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Guest Post: Lost My *Real* Job to Find My Real Calling

 In 2008, Grace and I were trodding the streets of Thailand, trying to enjoy its sticky humid November air and stay away from the merciless rain.

Befriending her at a conference thousands miles away from home was a gift that prepared me for the unexpected life turn.

Eating octopi and stuffing myself on never-ending rice, the unsuspecting me couldn’t predict that life would change the moment I received that email:

“The Ministry of Education hasn’t renewed our school’s license. We’ll have to close down.”

The next few weeks, hazy and blurry, saw me packing up my office, shredding reports that nobody needed, and leaving without good byes.

I would mourn my loss weeks later, and move forward into the world of online teaching, creating the kind of job I’d always wanted.

Years later I would thank God for allowing this to happen, otherwise I would never have had the courage to try out something new, creative, and original.

I’d never conditioned myself to be a “business owner,” nor do I have qualifications and degrees to impress my clients (who never once asked me for them).

However, I’ve come to believe that in order to make a small business sustainable intellectual knowledge isn’t sufficient.

There are 5 other assets that have helped me overcome the struggles of venturing into the world of business and thinking I don’t have “enough” skills.

If you have these 5, you have more than enough. Let’s take a look.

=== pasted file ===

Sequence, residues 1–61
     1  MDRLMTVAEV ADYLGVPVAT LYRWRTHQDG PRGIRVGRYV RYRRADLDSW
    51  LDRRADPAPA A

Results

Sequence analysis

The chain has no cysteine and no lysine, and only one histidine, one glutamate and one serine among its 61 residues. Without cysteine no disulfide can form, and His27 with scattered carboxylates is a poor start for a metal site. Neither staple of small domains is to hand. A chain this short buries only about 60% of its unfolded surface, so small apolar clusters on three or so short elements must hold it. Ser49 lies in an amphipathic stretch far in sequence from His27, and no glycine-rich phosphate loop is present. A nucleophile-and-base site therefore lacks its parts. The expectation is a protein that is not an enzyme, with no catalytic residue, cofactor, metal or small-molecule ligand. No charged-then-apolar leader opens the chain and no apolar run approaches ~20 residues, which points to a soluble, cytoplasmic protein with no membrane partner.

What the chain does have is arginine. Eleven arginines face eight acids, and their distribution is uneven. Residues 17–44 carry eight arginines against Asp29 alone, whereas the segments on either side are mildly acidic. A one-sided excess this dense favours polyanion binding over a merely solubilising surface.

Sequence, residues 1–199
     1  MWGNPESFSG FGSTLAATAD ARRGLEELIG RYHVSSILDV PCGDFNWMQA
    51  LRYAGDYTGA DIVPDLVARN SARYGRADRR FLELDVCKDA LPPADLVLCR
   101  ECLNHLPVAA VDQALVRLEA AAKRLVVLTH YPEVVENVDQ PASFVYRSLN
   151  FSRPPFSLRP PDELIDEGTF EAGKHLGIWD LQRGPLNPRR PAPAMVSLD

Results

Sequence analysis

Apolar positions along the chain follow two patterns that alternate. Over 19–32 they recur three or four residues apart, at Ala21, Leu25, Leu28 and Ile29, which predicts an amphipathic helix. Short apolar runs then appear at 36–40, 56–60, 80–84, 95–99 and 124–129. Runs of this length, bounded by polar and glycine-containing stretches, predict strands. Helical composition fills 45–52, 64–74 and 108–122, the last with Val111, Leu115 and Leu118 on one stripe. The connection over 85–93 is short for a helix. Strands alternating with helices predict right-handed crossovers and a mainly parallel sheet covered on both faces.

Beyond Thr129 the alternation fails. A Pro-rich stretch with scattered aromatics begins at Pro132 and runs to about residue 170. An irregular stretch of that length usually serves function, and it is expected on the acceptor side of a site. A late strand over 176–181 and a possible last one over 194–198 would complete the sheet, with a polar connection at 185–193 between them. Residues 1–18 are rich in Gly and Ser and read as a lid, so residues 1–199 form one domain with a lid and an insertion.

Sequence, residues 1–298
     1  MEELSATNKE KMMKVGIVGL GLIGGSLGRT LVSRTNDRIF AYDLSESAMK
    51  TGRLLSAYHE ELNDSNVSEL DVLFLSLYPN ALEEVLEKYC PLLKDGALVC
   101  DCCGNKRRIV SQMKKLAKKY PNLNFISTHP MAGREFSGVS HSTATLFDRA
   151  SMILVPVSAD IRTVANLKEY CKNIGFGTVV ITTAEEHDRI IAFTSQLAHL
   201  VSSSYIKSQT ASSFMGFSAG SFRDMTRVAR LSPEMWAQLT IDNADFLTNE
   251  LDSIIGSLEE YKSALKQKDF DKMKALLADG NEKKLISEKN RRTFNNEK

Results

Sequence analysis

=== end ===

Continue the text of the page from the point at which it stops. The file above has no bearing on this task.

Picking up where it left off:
#1: Faith

Faith is the ability to step into the unknown and the unseen, with courage and confidence. Running and growing a business is a practice of faith – the choice to step out even when the future is uncomfortable, scary and unpredictable.

Nobody knows what tomorrow brings, and the easiest way to not see a better tomorrow is by keeping ourselves “safe.” But faith compels us to try out the new idea, engage with people we don’t know, write an email with an offer, and be confident that our efforts will bring about fruit (even if the only fruit is our trained faith).

#2: Perseverance

In the manifesto for the new book I co-authored with Veronika Palovska, we write this about our work,

“We fail and we stand strong. Than we do it again.”

Perseverance is a choice to show up daily and do the work that matters.

Do it when nobody seems to pay attention.

Do it when you don’t feel like it.

Do it when you’re not sure it’s going to pay your bills.

Do it because you’re not just “following the job rulebook,” but creating a business that changes your life.

Regina Anaejionu wrote in her inspiring post about consistency, “Wake up every single day and do the small, consistent things if you want to win at life… Maybe publishing and performing for crickets and doing things that no one sees ever, is the last thing you want to do. But … tiny actions all add up.”

#3: Gratitude

A grateful life is a joyful life. In a small business, gratitude is the ability to pause and acknowledge how far you’ve come instead of worrying about the never-ending to-do list.

When you work for yourself you know that your work is never completely “done.” It can be scary for neat-freaks and over-performers, but it’s also an opportunity to practice the I am enough message and to enjoy what we have now.